Research from Harvard shows that virtual leaders need to develop a common identity and understanding for their virtual teams, as without it, virtual team members are especially prone to “us versus them” thinking and the perils of incomplete information.
You can’t have silos developing in remote teams--that’s when the virtual workforce starts working against one another, or loses sight of overall goals. Similar to traditional leadership roles, a virtual leader needs to be a connector--the glue among the team.
Finding ways to bond as a virtual team is one of the tasks virtual leaders should do to encourage that teamwork. You can’t usually do an in-person team-building session, but you can set up “norms” that become part of the virtual culture.
For example, what if everyone met for virtual coffee on Fridays? There are a lot of things you can do, but you have to gear those activities for a remote environment.
Being a Communicator
“Digital dependence often impedes information exchange, however. In face-to-face teams, participants can rely on nonverbal and contextual cues to provide insight into what’s going on. When we walk into an in-person meeting, for example, we can immediately sense the individual and collective moods of the people in the room—information that we use (consciously or not) to tailor subsequent interactions. Having to rely on digital communication erodes the transmission of this crucial type of intelligence.”
Have you ever seen the mess resulting from misinterpreted or poorly-executed written communications?
Most virtual teams rely on tools such as instant messaging apps for quick communication needs and email for detailed messages, but those are missing the vital contextual clues that voice or in-person communication provide.
Tone and body language are important parts of the process, so with those often missing, you need to be extra-good with your words!
In the end though, you can’t be averse to picking up the phone (or video chat). Sometimes, it’s not worth ping-ponging back and forth--make sure your meaning was made clear, rather than have someone offended because they misunderstood.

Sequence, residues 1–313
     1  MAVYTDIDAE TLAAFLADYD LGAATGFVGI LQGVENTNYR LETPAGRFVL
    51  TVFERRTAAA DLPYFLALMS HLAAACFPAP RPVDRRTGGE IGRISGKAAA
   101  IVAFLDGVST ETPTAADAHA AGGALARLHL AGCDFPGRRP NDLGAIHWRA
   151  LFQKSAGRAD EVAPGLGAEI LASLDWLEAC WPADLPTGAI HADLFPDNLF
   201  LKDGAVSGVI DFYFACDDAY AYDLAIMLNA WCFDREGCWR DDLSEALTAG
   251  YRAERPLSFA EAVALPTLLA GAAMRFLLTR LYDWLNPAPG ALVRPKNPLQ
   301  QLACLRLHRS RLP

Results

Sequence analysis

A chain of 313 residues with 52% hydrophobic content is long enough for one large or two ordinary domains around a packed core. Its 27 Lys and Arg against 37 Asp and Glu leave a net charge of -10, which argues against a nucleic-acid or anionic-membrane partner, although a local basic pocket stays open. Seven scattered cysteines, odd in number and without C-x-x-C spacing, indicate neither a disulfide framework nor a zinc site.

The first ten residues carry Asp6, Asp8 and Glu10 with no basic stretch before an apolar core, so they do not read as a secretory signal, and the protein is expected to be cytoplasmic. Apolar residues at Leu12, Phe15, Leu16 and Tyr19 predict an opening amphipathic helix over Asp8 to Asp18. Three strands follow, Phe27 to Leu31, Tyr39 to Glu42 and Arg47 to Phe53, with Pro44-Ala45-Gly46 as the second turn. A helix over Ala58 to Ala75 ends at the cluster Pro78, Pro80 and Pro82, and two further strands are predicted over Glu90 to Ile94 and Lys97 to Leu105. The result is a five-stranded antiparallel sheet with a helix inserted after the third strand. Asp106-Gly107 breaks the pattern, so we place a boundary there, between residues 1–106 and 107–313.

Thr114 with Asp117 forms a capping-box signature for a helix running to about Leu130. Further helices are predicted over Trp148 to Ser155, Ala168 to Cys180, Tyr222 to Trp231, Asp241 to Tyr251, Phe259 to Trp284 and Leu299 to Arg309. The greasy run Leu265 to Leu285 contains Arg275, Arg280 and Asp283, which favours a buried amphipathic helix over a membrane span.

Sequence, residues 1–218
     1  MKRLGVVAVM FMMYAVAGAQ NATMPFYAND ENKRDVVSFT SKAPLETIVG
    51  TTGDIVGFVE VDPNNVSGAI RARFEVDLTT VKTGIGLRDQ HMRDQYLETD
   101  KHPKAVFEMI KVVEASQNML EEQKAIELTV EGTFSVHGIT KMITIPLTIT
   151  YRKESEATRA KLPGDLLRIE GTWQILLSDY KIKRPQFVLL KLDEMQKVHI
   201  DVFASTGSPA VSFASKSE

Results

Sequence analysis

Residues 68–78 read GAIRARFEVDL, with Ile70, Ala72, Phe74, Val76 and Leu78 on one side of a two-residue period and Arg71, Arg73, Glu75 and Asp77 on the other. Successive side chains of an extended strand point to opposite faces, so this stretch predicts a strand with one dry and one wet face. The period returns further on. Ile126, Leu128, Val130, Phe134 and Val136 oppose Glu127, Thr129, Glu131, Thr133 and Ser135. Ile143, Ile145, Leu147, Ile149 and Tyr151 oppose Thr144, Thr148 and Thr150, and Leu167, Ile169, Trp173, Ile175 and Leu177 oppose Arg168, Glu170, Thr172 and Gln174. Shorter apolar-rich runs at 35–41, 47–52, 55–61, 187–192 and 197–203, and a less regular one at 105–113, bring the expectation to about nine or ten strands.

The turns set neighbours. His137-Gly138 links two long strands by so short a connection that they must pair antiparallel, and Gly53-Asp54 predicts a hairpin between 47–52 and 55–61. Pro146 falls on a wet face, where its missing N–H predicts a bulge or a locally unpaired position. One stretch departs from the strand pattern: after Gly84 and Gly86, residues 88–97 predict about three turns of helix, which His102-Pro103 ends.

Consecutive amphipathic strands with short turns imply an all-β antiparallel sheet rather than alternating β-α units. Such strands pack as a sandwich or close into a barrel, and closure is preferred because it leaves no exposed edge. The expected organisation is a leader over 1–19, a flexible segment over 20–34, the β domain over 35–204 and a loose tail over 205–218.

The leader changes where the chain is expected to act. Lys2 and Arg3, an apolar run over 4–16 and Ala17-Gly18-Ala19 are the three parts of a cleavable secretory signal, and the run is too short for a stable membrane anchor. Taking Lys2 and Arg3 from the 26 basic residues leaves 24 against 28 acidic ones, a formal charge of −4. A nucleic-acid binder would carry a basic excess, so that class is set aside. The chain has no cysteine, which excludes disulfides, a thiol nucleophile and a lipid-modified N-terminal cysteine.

Being an Information Manager
A virtual environment is entirely based on information and how it is managed. There’s a real danger of team members going into information overload if there aren’t clear processes in place to manage their work.
An excellent virtual leader is a master at documenting and managing information. They don’t allow decisions or ideas to slip through the cracks--they enforce a “document everything” policy with their team, too.
Being a Process Analyst
The most successful remote teams have got processes down to a fine art. As a leader, you need to at least be able to give your team a place to start, with processes clearly articulated in steps.
Over time, team members can offer suggestions to improve processes, but if you haven’t given them a start, it can take time to rise above the chaos. Processes in a virtual team can be impeded in ways that those in co-located teams aren’t.
When you’re in an office, you might simply walk over and ask someone a question; when you’re working remotely, you send them a message, wait for a response, have questions about the response, then ping them back. The back and forth can be a productivity killer!
A good leader in a virtual world is one who is transparent with their team. No one likes working with a hidden agenda--it only creates an atmosphere of distrust.
When you are working virtually, it is important to be clear with your team about your goals, objectives, and the realistic expectations you have of them. This way, everyone is on the same page and can work together towards a common goal.
Furthermore, being transparent also means being open to feedback. A good leader will always listen to their team and take their input into account when making decisions. After all, a team is only as strong as its leader!
Being a successful leader in a virtual environment requires a certain amount of adaptability. After all, you're not always going to be able to rely on traditional methods of communication and management.